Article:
It’s understandable to be nervous about contracting COVID-19 in a healthcare facility treating patients with the disease. Delaney shares a few safety guidelines Cleveland Clinic has in place for both patients and staff:  

  • Face masks are required.
  • Physical distancing is required in waiting rooms, at check-in, and in doctor’s offices.
  • Visitors are limited and screened for potential COVID-19 symptoms.
  • All patients are tested for COVID-19 before their surgery, whether inpatient or outpatient.
  • When necessary, such as in the emergency room, rapid COVID-19 (results in 15 minutes or less) testing is administered.

Hospitals work with the Center for Disease Control and Prevention (CDC) and state authorities to keep you safe from COVID-19 if you are admitted into the hospital for a medical condition or surgery. Don’t hesitate to ask about their policies to prevent COVID-19 transmission. 

MacKoul says performing an elective surgery in an ASC, if possible, can help limit exposure to COVID-19. The smaller space has fewer healthcare employees and can be more easily disinfected.

Like hospitals, ASCs also require COVID-19 testing in advance of the procedure—usually four days before, according to MacKoul.

What To Do If Your Surgery Is Postponed 

While waiting for your re-scheduled surgery, it’s important to maintain regular communication with your doctor, who may provide medical care through telehealth.

“Telehealth can help the patient and provider decide whether an office visit is needed to further evaluate the patient’s condition, symptoms, and the necessary next steps,” Delaney says.

While telehealth can be useful for managing a condition at home, it cannot replace in-person medical care if your condition worsens. Talk to your doctor about knowing when to visit an emergency room for further evaluation if necessary.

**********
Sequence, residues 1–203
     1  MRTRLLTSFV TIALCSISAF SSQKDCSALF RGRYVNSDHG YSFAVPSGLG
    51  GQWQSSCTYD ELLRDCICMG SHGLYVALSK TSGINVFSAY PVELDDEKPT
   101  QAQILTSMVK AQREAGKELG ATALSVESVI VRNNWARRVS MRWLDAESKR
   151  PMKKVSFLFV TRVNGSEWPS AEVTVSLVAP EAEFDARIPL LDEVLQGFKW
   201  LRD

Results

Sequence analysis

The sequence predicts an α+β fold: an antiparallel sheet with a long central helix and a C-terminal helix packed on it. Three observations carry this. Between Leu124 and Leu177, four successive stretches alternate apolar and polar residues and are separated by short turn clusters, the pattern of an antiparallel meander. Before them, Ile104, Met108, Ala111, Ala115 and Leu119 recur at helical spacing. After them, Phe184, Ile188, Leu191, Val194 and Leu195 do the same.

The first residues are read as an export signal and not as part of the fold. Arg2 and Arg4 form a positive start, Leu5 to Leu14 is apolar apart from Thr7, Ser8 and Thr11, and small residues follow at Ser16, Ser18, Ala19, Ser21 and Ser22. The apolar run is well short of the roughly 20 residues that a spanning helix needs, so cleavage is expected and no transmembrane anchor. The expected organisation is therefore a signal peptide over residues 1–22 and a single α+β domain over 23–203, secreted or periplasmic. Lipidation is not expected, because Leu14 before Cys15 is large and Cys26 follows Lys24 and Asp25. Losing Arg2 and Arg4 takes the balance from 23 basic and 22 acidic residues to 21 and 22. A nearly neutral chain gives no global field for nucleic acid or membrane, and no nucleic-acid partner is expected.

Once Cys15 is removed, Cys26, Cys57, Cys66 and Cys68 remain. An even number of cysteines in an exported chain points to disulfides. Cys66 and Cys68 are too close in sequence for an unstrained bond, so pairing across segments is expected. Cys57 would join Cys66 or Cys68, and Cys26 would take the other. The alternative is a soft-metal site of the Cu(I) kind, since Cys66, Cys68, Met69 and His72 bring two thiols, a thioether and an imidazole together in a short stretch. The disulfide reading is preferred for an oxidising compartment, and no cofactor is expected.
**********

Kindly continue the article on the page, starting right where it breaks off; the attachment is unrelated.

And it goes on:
Don’t Postpone Your Surgery Without Speaking With Your Doctor 

Because of fears of contracting COVID-19, some people avoid going to the doctor or a healthcare facility for medical attention. This delay in seeking care can have harmful consequences.

“Progression of a disease can lead to long-term problems and ultimately more complex surgical procedures which can lead to increased complications, much longer recovery time, and pain,” MacKoul says. 

Your doctor can explain the risks associated with delaying versus having the procedure, as well as any other type of care that could be appropriate in the meantime. Together, you and your doctor can determine the best course of action. 

“We know that many patients who would have come for routine care during this period have deferred that care," Delaney says. "It’s possible that if everyone starts to come looking for care in the fall that some healthcare systems will not have enough access."

Therefore, it’s in your best interest, Delaney says, to try to get treated as soon as possible.

A Word From Verywell 

Having your surgery postponed can be inconvenient and frustrating. With each state reopening at its own pace and some experiencing an increase in COVID-19 cases, it’s difficult to tell how fast it will take the healthcare system to get back on track with elective surgeries. In the meanwhile, keep in touch with your doctor to monitor your condition.

The information in this article is current as of the date listed, which means newer information may be available when you read this. For the most recent updates on COVID-19, visit our coronavirus news page.

4 Sources
Verywell Health uses only high-quality sources, including peer-reviewed studies, to support the facts within our articles. Read our editorial process to learn more about how we fact-check and keep our content accurate, reliable, and trustworthy.
  1. Jain A, Jain P, Aggarwal S. SARS-CoV-2 impact on elective orthopaedic surgery: implications for post-pandemic recovery. J Bone Joint Surg Am. 2020;102(13):e68. doi:10.2106/JBJS.20.00602

  2. Centers for Disease Control and Prevention. COVID-19: Cases in the U.S.

  3. American College of Surgeons. COVID-19: Guidance for triage of non-emergent surgical procedures.

  4. Office of the Texas Governor. Governor Abbott issues executive order expanding hospital capacity.